No more brooding: seven ways to switch off

Tight deadlines, enormous workloads, big challenges: Sometimes the job just won't let you go, even in your free time. How do you get the work out of your head?

Demanding occupation: It helps against lonely brooding if you are a little active yourself. Exercising outdoors or learning a new job can help

© Plainpicture GmbH / Dieter Schewig

Have you ever dreamed of work? From your overflowing mailbox or from the presentation you have been moving around on the screen for days? When the job really challenges you, you can often no longer switch off properly, even when you are supposed to be resting. Sometimes work even haunts you in your sleep. It's pretty stressful and unhealthy in the long run. But there are ways out of the loop.

Stay calm

This is often easier said than done. Once you start worrying about work, it often grows on its own. Then you should deliberately take a step back in order to assess things realistically, advises Utz Niklas Walter, head of the Institute for Workplace Health Advice (IFBG).

A method called "decastrophizing" can be used for this purpose: you classify the things that are bothering you on a scale from one to ten. There is one small problem with this - for example, that the washing machine has not been turned on. And ten is the worst problem, a death in the family for example.

"The missed train feels like an eight at first. But if you classify the whole thing realistically and take into account that there will be another train in an hour, for example, then it might be a three," explains Walter. "This technique helps many to mentally tick things off faster."

Another tip for staying calm sounds almost too simple: breathe. "You can use the one-to-one breathing technique," advises Walter and explains: "For example, you breathe in through your nose for three seconds and exhale through your mouth for just as long." With a little practice, this will help you control your mood.

draw boundaries

So that worries don't get out of hand, it is important to draw boundaries. In terms of thought, but also in terms of space and time, as advised Utz Niklas Walter from the IFBG. He recommends the brooding chair technology: To do this, you look for a place in the apartment that you only go to brood. "This technology should help to stop thinking about things everywhere and all the time, but only in a certain place at certain times."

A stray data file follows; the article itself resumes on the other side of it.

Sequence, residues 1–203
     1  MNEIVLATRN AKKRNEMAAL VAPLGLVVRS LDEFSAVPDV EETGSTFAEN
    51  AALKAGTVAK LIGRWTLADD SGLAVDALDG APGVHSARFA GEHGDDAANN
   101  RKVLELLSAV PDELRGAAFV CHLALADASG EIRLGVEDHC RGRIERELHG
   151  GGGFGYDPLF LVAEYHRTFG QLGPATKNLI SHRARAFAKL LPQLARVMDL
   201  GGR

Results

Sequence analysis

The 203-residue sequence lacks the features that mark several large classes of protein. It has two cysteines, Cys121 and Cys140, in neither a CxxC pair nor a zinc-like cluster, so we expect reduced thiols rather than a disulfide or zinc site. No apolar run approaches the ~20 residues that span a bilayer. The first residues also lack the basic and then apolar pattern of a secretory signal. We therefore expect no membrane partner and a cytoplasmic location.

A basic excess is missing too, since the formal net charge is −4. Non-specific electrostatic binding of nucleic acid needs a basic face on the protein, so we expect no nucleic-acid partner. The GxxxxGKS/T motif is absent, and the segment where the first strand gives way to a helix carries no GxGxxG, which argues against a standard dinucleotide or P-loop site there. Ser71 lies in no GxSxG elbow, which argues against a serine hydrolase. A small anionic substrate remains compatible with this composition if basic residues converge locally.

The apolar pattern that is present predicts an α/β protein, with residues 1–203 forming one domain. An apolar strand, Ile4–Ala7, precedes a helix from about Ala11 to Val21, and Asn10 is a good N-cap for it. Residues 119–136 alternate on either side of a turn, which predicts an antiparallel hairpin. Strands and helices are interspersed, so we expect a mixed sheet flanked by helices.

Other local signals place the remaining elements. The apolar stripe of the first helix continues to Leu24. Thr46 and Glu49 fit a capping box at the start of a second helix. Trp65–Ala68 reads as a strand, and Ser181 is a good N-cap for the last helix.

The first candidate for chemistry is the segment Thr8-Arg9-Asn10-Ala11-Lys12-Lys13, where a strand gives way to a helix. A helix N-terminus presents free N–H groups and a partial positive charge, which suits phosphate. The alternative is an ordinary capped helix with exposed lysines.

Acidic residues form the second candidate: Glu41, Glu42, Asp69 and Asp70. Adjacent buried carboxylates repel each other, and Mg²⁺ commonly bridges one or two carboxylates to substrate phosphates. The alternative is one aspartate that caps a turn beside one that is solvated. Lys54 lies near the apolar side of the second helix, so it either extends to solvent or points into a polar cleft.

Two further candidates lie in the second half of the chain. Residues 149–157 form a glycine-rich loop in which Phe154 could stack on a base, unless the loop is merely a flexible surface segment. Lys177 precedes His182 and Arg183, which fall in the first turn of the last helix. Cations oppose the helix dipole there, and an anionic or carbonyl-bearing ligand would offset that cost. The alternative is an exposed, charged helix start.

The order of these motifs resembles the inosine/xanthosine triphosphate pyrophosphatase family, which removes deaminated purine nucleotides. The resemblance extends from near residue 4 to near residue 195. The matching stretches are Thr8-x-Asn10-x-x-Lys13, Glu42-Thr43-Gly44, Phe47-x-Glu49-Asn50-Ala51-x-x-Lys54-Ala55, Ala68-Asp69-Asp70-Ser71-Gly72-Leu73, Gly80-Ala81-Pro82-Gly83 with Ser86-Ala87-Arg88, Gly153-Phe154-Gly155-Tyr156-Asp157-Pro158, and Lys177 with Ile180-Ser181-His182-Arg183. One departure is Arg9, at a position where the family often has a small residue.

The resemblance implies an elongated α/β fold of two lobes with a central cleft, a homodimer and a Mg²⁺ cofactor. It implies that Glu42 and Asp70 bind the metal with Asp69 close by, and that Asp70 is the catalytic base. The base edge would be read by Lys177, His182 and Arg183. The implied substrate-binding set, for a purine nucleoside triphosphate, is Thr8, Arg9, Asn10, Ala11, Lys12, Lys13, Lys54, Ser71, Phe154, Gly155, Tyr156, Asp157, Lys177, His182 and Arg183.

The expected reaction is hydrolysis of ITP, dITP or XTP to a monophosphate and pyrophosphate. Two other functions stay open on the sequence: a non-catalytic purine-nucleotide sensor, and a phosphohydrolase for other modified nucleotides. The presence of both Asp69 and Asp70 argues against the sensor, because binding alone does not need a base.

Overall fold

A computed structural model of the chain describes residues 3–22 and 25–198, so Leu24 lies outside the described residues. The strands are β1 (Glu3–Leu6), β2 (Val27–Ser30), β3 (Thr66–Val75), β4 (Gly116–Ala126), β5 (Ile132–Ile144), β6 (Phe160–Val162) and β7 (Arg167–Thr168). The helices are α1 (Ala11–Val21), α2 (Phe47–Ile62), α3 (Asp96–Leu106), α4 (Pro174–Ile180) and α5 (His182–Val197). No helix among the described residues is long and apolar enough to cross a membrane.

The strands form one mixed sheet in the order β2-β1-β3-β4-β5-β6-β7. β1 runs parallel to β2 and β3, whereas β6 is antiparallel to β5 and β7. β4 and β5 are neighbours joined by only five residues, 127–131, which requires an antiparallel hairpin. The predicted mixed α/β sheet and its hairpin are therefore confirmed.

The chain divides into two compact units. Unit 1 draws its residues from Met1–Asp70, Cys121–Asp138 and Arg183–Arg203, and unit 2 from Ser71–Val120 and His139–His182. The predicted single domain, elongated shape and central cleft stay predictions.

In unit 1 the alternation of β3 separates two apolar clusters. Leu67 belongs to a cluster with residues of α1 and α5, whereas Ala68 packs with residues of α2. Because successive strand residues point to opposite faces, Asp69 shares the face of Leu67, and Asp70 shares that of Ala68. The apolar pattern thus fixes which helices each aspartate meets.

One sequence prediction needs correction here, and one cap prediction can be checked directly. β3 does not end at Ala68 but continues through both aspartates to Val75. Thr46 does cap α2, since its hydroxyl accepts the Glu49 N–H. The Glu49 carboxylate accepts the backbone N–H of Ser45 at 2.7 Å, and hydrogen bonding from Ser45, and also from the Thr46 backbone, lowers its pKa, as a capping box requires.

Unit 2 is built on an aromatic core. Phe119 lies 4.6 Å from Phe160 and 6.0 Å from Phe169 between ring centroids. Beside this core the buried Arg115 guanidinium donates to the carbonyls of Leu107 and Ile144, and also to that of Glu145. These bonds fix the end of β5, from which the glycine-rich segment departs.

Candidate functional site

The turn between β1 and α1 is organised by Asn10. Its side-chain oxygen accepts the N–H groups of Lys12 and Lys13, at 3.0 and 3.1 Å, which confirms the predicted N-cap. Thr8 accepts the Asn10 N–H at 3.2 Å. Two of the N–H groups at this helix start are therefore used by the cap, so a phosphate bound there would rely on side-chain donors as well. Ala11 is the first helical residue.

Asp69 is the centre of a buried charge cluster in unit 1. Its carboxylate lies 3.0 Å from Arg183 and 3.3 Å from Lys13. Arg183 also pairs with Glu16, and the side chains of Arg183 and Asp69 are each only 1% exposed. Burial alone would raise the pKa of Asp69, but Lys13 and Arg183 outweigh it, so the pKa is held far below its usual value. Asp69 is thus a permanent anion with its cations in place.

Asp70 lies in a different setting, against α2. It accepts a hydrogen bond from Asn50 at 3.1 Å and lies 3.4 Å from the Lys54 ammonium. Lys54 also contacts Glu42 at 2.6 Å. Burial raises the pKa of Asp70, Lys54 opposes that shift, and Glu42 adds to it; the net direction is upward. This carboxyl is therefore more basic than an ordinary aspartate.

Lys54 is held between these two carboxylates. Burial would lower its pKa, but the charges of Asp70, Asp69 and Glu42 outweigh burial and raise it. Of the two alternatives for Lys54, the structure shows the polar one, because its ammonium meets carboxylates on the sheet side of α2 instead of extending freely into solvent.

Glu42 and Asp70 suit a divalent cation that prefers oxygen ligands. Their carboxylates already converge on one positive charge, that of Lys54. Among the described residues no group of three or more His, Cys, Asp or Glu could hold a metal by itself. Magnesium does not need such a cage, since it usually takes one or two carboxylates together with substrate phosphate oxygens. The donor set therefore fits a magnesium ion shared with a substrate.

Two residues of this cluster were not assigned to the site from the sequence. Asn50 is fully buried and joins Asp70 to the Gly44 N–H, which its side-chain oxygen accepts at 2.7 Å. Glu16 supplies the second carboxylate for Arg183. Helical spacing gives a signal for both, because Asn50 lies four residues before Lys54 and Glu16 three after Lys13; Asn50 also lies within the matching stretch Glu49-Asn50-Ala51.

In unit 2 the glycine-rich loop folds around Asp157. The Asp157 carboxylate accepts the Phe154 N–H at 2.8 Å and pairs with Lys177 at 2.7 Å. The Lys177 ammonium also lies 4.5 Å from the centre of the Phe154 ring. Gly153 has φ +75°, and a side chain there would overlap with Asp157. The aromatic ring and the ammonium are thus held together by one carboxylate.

While thinking, you can take notes, which then remain by the brooding chair. Walter emphasizes: Thinking on the brooding chair should be as problem-solving as possible, not worrying. This technique takes practice. Walter recommends training for about four weeks and only then assessing whether the method is suitable for you.

Another possibility is the so-called countdown method: You decide to consciously think about what is on your mind for a limited time, about five minutes. After that, the brooding is over.

Create clarity

So that you don't think about your work all the time, it is important to ensure that the situation is clear. For example, by setting fixed working hours for yourself. "It doesn't have to be from 8 a.m. to 4 p.m.," emphasizes Walter. "But the time window should suit you, your own biorhythm and, of course, the requirements of the employer and then be adhered to."

During the lunch break and late at night, Walter advises switching the cell phone to flight mode. "" Even private messages can lead to an overload. "

Maintain contacts

Career coach Ute Bölke advises anyone who notices that they are stuck in a constant loop of stress and worries, shouldn't deal with it on their own. "It's best to talk to friends, colleagues and also the boss about it." She also recommends avoiding contact with people who drag you down as much as possible - or balance them out as much as possible through beneficial contacts.

Walter also says: "Not everyone will be successful on their own." Sometimes you need the support of friends or your partner, if they agree. Sometimes professional help may also be needed.

Be active

Switching off does not just mean lying on the couch as motionless as possible and letting yourself be showered. "You should consciously plan small events with others where you consciously don't talk about work," advises Walter.

He also advises offline hobbies: "Puzzles, handicrafts, knitting, origami - be creative." Coach Bölke also considers distraction in the form of sport and exercise to be important, from walking to yoga: "There are thousands of possibilities."

Develop rituals

Rituals can also help with switching off. These can be very simple things, as Bölke explains. "You can get into the habit of always opening a window during the break: fresh air for the body and the mind." It is just as important to leave your desk tidy after work is done.

taking notes

So that you don't have to keep everything in mind, you should take notes. According to Bölke, a to-do list that you write down for the next day before you go home can help you worry less about these things. It can also be helpful to listen inside and write down your worries.

The next step is then to reprogram the bad thoughts like "I can't make it". This means that whenever this thought occurs, one thinks instead, for example, "Step by Step". For example, you can do something that you definitely do the next day. Then, step by step, the list becomes shorter - and the worries become less.